When two National Guard pilots hovered low over a group of protestors in 2020, politicians criticized the move, including Mayor Muriel Bowser, who called it “wholly inappropriate.”
Protesters moved to Chinatown. Helicopter aggressively low. Blowing everything out of the way. Signs, trash. Unclear which agency owns the helicopter at this time: pic.twitter.com/BKez1jjItv
— Abdallah Fayyad (@abdallah_fayyad) June 2, 2020
But a Baltimore woman claims the military tactic left her with lasting injuries, and she’s filing suit to protect future protestors.
The suit, filed by the D.C. chapter of the American Civil Liberties Union on behalf of 25-year-old Dzhuliya Dashtamirova, said she deserves monetary damages for her injuries and emotional distress, and for being denied her right to protest.
On June 1, 2020, the suit said D.C. National Guard pilots flew a Black Hawk and a Lakota helicopter 45 feet above protestors who were walking as a group near the Gallery Place Metro station.
The helicopters’ blades subjected the Baltimore woman to “thundering, disorienting noise and churned gale-force winds into her body, driving shards of broken glass and debris into her face.”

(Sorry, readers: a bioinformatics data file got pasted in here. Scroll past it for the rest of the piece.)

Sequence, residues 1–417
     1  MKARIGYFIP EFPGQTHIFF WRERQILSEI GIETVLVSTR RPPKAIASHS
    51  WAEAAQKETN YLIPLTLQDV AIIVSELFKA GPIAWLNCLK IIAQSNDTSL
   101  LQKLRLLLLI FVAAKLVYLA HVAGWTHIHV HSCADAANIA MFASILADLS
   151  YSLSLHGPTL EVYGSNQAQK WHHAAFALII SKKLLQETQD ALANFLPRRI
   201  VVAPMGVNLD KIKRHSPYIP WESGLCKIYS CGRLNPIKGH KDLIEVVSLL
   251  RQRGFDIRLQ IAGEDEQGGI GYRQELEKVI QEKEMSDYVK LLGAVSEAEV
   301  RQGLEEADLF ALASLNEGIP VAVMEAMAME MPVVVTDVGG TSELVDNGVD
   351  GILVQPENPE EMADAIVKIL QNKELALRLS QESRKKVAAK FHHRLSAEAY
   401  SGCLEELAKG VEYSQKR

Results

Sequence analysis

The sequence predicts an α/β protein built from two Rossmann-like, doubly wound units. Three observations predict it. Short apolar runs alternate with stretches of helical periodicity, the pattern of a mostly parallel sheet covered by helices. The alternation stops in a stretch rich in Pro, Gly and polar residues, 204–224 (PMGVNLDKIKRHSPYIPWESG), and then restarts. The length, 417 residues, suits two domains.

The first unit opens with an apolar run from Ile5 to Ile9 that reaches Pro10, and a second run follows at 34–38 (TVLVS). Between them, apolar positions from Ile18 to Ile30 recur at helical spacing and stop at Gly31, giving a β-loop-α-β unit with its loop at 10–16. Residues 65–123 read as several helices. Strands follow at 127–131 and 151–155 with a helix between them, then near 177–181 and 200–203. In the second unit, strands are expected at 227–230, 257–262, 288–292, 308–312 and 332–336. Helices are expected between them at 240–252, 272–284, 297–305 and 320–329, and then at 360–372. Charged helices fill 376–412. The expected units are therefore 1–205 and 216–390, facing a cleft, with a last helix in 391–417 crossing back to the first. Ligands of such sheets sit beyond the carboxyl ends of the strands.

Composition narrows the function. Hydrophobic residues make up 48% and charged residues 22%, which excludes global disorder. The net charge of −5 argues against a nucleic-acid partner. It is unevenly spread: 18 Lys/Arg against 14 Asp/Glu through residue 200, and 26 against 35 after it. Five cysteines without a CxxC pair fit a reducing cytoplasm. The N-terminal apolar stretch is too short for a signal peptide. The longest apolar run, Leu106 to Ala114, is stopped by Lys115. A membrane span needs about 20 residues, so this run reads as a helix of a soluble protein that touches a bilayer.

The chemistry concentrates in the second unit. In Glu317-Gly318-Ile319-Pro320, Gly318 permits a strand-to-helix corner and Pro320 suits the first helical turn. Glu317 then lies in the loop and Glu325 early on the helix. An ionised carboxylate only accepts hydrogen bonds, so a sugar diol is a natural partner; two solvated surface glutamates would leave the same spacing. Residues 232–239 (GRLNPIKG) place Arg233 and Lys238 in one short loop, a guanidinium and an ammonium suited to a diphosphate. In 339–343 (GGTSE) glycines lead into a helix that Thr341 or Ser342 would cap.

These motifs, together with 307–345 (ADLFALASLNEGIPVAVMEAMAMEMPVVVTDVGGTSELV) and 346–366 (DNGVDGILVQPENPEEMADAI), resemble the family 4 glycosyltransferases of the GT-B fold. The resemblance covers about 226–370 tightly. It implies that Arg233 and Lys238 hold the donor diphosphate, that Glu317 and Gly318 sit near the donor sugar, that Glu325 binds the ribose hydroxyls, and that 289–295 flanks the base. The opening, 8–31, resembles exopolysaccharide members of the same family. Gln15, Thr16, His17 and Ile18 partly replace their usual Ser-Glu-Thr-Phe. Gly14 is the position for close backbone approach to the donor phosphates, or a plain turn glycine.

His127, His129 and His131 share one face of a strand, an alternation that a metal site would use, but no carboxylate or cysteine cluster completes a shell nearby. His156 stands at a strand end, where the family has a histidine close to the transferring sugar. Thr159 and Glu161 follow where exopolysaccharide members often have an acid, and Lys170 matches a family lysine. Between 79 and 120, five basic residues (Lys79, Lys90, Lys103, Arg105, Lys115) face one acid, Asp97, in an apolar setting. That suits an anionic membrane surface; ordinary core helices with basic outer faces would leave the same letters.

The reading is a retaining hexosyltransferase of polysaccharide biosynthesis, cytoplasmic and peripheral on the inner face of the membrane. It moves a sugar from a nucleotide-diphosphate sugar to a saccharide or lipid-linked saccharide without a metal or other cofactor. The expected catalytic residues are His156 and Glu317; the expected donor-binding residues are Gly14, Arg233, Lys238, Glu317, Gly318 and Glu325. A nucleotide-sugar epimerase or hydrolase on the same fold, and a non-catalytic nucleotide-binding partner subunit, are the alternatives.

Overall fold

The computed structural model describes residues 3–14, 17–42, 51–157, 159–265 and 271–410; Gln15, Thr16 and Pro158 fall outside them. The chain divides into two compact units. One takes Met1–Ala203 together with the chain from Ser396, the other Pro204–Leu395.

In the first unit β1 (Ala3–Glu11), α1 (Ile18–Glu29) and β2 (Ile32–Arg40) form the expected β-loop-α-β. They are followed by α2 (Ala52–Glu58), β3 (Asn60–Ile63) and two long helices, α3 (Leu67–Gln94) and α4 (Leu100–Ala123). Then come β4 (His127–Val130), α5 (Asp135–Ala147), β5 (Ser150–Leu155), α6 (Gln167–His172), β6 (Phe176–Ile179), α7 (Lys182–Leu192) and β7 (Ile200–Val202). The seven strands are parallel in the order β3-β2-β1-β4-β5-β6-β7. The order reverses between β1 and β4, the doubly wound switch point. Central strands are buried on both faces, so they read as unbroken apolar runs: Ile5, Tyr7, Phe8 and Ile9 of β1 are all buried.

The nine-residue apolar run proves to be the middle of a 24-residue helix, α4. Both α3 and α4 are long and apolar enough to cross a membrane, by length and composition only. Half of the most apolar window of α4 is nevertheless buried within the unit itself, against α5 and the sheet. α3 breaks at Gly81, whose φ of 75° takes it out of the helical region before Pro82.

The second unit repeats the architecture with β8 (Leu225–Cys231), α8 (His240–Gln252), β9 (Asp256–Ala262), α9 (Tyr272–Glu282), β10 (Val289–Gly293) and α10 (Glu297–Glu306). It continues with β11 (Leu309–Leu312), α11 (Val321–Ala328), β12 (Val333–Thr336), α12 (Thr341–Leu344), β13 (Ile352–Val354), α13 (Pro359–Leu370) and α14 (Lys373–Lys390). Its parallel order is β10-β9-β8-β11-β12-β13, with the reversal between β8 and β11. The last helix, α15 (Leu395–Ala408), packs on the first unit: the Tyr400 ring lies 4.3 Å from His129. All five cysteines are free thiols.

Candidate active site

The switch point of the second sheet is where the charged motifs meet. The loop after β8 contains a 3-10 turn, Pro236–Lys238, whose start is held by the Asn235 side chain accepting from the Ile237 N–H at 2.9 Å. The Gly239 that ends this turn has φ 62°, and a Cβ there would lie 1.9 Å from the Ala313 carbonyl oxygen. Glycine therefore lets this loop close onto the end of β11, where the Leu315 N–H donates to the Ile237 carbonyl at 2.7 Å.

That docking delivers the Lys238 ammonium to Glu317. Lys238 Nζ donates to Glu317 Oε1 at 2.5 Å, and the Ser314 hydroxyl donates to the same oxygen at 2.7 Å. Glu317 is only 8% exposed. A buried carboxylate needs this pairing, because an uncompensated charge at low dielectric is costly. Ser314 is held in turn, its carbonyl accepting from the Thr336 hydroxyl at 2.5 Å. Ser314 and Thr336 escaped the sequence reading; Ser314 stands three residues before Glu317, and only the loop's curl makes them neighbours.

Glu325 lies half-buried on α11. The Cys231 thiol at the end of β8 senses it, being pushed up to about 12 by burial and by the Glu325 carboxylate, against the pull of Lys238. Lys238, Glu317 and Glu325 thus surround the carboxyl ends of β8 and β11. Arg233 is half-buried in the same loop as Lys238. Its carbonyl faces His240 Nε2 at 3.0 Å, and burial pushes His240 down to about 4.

One after the other, the helicopters hovered over the crowd for more than five minutes.
“My eyes and skin stung from debris. I couldn’t hear anything over the extremely powerful winds,” said Dashtamirova. “For weeks afterward, I had horrible migraines and lost sleep. I kept trying to figure out why the military attacked us, and I kept worrying that it would happen again.”
The suit details how she has been in emotional distress since the event, experiencing migraines and panic attacks which have impacted her ability to work and to exercise her right to protest, out of fear a similar event will happen again.
The use of the helicopter tactic against civilian protestors in the United States is unprecedented, according to the ACLU.
“The purpose of the tactic is to use the powerful wind and blaring noise generated by the
helicopter’s blades to intimidate the enemy,” it said.
After failing to reach any understanding with the National Guard through an administrative complaint, the suit said Dashtamirova wants to ensure the move is never used on civilian protestors again.
The D.C. National Guard did not have a comment on the complaint, filed in federal court.